We are all intimately familiar with at least one language, our own. Yet few of us ever stop to consider what we know when we know a language. There is no book that contains the English or Russian or Macedonian language. The words of a language can be listed in a dictionary, but not all the sentences, and a language consists of these sentences as well as words. Speakers use a finite set of rules to produce and understand an infinite set of “possible” sentences.
These rules comprise the grammar of a language, which is learned when you “acquire” the language and includes the sound system (the phonology), forming of words (the morphology), how words may be combined into phrases and sentences (the syntax), the way in which the sounds and meanings are related (the semantics), and the words or lexicon. If you had never heard the word syntax you would not, by its sounds, know what it meant. Language, then, is a system that relates sounds with meanings, and when you know a language you know this system. Let us consider language as a tool for communication. The only means by which humans communicate is language (be it spoken or body language). It is the most vital tool of interaction between people. With time, language needs to change in order to meet with the requirements of the people. If we take the word "gay" for example, its meaning has changed. It no longer means what it used to mean some years ago. "Happy", "jovial", "cheerful" were the meanings of gay. But in present times, the word "gay" is connoted to "homosexuality". "If a word is used by many speakers of a language, it will probably survive and it can happen that one day, it becomes an everyday word and enters our dictionaries" (Wagner 2010) . This is exactly what happened with the word "gay". People started associating it with homosexuality, and today, in some 2011 dictionary editions, the word "gay" means "homosexual". Like the word "gay", words like "surf" and "web" have also undergone a change in meaning. They are new related to the internet. Words like "lol" and "ROFL" have become very famous text messages and would probably enter in a dictionary in the coming years, because people have started using these words very often.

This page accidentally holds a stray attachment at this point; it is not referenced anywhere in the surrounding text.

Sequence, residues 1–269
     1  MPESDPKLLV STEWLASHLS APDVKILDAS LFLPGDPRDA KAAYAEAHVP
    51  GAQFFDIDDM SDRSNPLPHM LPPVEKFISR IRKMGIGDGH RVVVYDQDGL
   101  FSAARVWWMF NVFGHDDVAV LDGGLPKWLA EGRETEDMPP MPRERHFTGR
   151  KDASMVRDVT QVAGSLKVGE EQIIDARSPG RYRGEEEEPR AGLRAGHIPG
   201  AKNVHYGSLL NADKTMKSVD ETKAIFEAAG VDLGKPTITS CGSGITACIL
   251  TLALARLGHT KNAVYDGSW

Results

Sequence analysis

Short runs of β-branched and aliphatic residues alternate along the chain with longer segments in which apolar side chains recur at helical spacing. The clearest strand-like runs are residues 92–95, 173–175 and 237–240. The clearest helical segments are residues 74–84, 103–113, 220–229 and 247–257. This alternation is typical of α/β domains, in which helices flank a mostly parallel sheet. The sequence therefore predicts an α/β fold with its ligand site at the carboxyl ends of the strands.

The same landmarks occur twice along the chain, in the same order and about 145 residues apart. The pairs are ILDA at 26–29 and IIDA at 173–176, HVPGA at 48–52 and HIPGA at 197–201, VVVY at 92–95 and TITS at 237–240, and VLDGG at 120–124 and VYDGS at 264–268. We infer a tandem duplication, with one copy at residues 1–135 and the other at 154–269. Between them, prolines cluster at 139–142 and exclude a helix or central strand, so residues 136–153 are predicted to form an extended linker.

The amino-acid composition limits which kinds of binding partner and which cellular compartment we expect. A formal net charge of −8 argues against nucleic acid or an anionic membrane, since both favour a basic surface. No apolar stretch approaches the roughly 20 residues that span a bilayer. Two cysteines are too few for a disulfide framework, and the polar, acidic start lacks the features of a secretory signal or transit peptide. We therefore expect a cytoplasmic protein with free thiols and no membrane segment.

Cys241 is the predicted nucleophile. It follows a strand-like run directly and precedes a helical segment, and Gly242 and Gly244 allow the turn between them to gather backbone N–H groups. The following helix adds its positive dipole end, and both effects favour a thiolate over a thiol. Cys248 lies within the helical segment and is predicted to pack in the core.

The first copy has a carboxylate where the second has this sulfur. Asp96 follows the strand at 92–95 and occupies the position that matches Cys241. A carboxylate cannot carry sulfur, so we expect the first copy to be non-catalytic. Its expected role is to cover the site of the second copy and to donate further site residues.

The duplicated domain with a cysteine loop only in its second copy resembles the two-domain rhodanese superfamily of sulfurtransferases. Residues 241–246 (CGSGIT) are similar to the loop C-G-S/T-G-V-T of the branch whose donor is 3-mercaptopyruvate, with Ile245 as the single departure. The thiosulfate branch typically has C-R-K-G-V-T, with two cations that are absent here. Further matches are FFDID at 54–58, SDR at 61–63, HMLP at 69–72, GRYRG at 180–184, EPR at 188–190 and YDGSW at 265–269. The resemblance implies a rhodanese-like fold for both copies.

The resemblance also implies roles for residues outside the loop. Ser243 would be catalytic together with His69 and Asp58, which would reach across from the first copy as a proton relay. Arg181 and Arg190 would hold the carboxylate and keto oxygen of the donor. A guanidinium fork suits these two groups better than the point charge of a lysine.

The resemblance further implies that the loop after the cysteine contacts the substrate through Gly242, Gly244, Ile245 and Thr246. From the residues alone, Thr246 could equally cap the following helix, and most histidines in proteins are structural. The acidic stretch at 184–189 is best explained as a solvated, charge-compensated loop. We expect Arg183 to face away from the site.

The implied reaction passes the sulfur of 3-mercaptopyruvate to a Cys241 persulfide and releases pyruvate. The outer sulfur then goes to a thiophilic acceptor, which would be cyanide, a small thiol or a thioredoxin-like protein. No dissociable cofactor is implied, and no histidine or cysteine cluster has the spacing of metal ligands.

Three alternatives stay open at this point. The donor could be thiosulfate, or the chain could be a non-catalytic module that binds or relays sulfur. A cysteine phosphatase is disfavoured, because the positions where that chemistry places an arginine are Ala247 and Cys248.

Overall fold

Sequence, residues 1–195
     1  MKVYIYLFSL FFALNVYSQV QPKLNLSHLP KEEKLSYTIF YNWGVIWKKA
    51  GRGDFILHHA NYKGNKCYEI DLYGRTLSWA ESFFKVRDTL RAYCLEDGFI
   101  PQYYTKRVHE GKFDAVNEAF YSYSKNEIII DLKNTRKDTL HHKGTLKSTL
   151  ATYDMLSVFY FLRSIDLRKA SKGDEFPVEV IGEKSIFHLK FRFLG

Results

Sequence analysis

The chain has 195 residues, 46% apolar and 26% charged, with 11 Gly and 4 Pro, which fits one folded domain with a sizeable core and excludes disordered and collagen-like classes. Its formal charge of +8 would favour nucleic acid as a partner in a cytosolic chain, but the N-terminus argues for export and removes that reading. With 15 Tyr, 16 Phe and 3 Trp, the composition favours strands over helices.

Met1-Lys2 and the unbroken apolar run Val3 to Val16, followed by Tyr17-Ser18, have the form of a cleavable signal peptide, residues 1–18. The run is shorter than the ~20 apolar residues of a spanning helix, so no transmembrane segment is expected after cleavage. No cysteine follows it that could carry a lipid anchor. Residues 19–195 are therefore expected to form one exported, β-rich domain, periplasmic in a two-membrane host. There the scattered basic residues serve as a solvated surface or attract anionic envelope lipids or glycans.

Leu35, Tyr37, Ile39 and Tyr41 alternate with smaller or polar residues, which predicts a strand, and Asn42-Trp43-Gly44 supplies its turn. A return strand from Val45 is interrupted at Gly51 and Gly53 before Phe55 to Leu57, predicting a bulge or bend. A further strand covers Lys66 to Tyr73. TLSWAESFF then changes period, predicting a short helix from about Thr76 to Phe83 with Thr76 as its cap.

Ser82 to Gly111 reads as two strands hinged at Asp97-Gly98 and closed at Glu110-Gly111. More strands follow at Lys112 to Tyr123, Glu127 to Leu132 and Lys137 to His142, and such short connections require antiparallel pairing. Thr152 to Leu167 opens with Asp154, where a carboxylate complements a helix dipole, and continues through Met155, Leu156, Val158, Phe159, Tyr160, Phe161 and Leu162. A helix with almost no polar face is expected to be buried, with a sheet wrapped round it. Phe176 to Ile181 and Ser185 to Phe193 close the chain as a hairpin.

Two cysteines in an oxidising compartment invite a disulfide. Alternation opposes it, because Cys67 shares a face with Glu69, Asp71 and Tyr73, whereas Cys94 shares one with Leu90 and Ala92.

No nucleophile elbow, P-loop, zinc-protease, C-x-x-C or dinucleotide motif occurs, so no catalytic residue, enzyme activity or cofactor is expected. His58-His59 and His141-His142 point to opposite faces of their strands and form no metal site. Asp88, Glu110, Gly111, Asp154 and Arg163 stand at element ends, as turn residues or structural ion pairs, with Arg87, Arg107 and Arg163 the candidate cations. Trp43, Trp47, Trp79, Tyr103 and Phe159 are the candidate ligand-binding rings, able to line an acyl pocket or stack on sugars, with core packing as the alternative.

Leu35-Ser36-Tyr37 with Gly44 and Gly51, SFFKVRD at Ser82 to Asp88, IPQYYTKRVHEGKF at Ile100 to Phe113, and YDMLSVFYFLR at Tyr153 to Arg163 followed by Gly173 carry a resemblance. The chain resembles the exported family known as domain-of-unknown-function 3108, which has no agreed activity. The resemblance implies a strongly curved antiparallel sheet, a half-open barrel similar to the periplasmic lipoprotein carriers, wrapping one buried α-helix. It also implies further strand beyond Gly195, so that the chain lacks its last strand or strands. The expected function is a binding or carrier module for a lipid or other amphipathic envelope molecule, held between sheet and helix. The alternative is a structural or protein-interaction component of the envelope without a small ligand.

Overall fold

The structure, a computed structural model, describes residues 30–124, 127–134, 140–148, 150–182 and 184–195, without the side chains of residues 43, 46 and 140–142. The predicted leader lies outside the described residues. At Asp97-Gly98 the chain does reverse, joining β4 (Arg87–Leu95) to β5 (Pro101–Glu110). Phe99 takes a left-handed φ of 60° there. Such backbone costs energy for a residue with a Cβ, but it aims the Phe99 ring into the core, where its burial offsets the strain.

Being an important tool of communication between people, the language as a system must be studied with all its parts and a big rule in this system has the morphology, so this paper is an introduction to the morphology of the English language. Morphology
Every speaker of every language knows thousands, even tens of thousands words. The words we know are part of our linguistic knowledge, a component of our mental grammars.
When you know a word you know both its pronunciation and its meaning. If you hear someone utter the sounds represented by the string of letters morpheme and don’t know that it means “smallest unit of linguistic meaning”, you don’t know that word. Once you learn that this particular sound sequence has such a meaning, if you store that knowledge in your mental lexicon (the Greek word for dictionary), you know the word morpheme.
Just as particular strings of words must be united with a meaning in order for it to be a word, so a concept or meaning must be united with specific sounds. Knowing a word means knowing both how to pronounce it and its meaning. The form (sound and pronunciation) and the meaning of a word are inseparable; they are like two sides of a coin and they represent the linguistic sign or word. Each word is stored in our mental dictionaries with information on its pronunciation (phonological representation), its meaning (semantic properties), and its syntactic class or category specification.
Morphology is the study of word formation and the internal structure of words. It can also be defined as a linguistic level of description that deals with grouping of sounds into words. Part of one’s linguistic competence includes knowledge of the...